To roars of jubilation in the Olympic Park and the Mall – along with a nationwide sigh of relief – Team GB won its first medals of London 2012 yesterday when Rebecca Adlington took bronze in the 400m freestyle and cyclist Lizzie Armitstead took silver in the women's road race.
Although it was not the golden gong that many had hoped would finish the day around the neck of a British athlete, the medals ended the host nation's wait for podium glory in dramatic fashion.
Hopes had been low for Adlington, double gold medal-winner in Beijing four years ago, after she entered last night's final as the slowest qualifier despite winning her heat earlier in the day. But the 23-year-old from Mansfield powered through to come third.
Adlington appeared to have blown her chances of a podium finish in the initial stages, slipping to sixth. But, screamed on by British supporters, she powered her way through the rankings in the closing stages.
Casting aside her difficult lane position as the shouts of "Come on Becky!" reached a deafening crescendo, Adlington eased into third place with less than 100m to go and held her position for a nail-biting finish behind American Allison Schmitt and Camille Muffat of France.
After the race, Adlington said: "It was hard – so hard. I'm so pleased with that. They were so far ahead I'm so proud I've got a medal in the home games. The crowd were absolutely amazing. There were so many people who wanted me to get gold and I'm sorry I couldn't do that but I'm so pleased I got a bronze." Before the event, she had tweeted: "Just sneaked into tonight's final in eighth place! Not expecting anything tonight, all I can do is my best."
Earlier in the day, Armitstead's second place behind Dutch favourite Marianne Vos in a sprint finish to the 140km road race in front of Buckingham Palace calmed domestic nerves following the disappointment for Mark Cavendish in the men's event on Saturday.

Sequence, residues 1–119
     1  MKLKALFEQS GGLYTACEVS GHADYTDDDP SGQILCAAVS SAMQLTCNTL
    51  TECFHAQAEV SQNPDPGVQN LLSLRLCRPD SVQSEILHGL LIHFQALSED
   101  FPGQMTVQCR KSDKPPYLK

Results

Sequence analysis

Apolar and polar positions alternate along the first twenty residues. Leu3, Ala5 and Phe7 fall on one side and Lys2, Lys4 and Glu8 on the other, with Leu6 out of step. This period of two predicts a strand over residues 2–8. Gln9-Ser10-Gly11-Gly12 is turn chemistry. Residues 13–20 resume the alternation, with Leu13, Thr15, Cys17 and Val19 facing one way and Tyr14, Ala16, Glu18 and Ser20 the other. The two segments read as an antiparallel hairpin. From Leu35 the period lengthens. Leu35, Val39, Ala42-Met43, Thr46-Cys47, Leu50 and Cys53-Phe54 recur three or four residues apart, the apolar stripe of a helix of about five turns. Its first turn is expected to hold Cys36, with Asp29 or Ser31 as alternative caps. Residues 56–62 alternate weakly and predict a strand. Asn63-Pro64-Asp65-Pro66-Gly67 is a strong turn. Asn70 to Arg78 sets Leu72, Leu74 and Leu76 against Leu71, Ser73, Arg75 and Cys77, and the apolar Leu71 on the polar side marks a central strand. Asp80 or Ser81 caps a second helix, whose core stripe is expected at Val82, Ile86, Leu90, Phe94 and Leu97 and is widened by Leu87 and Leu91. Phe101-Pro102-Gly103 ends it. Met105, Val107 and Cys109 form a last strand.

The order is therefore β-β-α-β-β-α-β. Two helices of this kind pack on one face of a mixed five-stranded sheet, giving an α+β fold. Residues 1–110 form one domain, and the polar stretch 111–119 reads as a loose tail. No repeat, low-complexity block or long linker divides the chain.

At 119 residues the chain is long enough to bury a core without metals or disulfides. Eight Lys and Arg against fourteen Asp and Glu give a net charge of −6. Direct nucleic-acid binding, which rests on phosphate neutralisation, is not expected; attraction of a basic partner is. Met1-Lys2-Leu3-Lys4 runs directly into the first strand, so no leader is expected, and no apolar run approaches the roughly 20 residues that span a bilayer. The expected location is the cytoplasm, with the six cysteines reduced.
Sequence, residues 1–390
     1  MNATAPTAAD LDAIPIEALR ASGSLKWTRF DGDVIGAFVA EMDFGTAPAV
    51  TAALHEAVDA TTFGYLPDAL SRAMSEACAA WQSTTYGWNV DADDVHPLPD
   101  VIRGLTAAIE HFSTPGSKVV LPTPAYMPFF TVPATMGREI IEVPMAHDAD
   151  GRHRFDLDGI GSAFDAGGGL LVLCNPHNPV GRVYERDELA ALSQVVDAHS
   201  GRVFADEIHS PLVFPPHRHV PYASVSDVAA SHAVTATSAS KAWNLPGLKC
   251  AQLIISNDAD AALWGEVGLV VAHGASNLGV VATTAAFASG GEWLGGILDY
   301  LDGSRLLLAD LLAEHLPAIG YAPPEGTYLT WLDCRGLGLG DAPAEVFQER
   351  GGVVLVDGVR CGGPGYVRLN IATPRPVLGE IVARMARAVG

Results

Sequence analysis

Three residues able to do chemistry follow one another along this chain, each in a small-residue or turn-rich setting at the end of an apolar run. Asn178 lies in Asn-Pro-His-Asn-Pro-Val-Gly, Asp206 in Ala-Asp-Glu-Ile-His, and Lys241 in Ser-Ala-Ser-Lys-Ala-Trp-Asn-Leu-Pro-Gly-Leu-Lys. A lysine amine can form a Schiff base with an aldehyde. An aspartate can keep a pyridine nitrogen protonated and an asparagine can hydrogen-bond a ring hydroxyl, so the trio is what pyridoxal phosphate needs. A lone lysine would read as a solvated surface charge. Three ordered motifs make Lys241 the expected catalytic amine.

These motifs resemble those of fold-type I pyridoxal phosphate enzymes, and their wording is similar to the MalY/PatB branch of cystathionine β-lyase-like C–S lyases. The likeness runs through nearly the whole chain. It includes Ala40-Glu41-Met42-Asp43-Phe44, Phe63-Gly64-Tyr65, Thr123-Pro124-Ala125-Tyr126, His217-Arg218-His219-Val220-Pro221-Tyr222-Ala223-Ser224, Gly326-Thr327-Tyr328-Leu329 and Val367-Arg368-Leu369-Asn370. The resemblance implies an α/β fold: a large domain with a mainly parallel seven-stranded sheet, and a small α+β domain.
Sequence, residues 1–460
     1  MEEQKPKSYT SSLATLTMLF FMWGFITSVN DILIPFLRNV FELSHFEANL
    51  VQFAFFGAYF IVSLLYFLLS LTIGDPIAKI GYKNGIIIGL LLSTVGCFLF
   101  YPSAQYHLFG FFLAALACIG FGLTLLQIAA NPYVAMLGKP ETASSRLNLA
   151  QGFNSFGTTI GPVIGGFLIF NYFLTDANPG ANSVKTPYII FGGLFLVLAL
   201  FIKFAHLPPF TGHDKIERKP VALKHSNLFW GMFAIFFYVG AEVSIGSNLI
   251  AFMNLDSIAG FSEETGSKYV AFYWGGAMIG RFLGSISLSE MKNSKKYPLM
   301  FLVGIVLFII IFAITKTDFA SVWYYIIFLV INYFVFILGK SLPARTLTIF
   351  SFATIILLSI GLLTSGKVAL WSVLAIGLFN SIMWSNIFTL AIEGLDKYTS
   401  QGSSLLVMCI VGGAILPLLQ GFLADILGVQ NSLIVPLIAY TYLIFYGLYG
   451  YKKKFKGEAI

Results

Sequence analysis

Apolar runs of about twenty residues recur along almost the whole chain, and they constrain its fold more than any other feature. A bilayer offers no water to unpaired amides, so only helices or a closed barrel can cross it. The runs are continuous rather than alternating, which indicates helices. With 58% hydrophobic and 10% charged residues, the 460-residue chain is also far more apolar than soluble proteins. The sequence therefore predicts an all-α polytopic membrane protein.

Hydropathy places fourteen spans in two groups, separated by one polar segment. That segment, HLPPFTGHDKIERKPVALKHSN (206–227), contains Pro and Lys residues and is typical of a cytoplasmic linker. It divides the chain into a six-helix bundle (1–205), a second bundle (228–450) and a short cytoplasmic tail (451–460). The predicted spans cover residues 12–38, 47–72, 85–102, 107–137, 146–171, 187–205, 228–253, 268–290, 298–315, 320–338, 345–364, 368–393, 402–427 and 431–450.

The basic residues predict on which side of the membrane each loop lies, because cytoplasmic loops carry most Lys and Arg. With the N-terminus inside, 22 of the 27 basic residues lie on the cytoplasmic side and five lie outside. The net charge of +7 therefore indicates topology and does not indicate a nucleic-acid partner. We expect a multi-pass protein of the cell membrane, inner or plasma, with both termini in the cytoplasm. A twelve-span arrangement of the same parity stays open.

The 23-year-old Yorkshirewoman avoided a series of crashes and timed her push for a medal perfectly when she joined a breakaway of three.
The British men's football team eased to a 3-1 win against the United Arab Emirates last night, leaving them needing to draw in their next match against Uruguay to progress to the quarter finals.
The triumph for Team GB was tempered by heartbreak for Paula Radcliffe, who announced she will not compete in the marathon because of a long-standing foot injury. The marathon world record holder said she had "cried more tears than ever" after the problem flared up in the past three weeks but felt she should not compete if not at her best.
It was a day for falling water. After the razzmatazz of Friday night's opening ceremony, greeted with global acclaim and a little head scratching, and a sun-kissed first day of competition, it was the turn of Britain's weather to make its entry into the Games.
As thunder cracked over the Olympic Park and the rain fell, spectators for the women's road race were bombarded with hailstones and heavy showers, forcing workers at Box Hill in Surrey to attempt to squeegee the road surface. Even these efforts did not prevent several crashes.
But nothing could deter Armitstead in her medal quest. The cyclist, whose rewards for her triumph included 13,000 new Twitter followers, said: "I'm so shocked, it feels really strange. [Coming second] in this race in front of my family and friends is the most special thing I've ever experienced in my life."
The rain failed to take the shine off a host of extraordinary performances. Not least among them was North Korean weightlifter Om Yun-chol. Competing in the 56kg clean and jerk, he set a new Olympic record by becoming only the fifth man to lift three times his body weight.
On a day with 13 gold medals up for grabs, one of the most celebrated was that of Kim Rhode, who became the first American to win individual medals in five consecutive Olympics by winning the skeet shooting .
The quest for further domestic medals began well. Ben Ainslie, who is seeking his fourth consecutive gold in the Finn class sailing, came second in the first two of his 11 races.
Having family members in the audience is often cited as a key factor by Olympians. In the case of Zara Phillips, as many eyes were on her relatives as they were on her performance in the dressage in the eventing competition at Greenwich. Watched by the Duke of Edinburgh and the Princess Royal, the Queen's granddaughter was placed in the top 10 for the individual competition.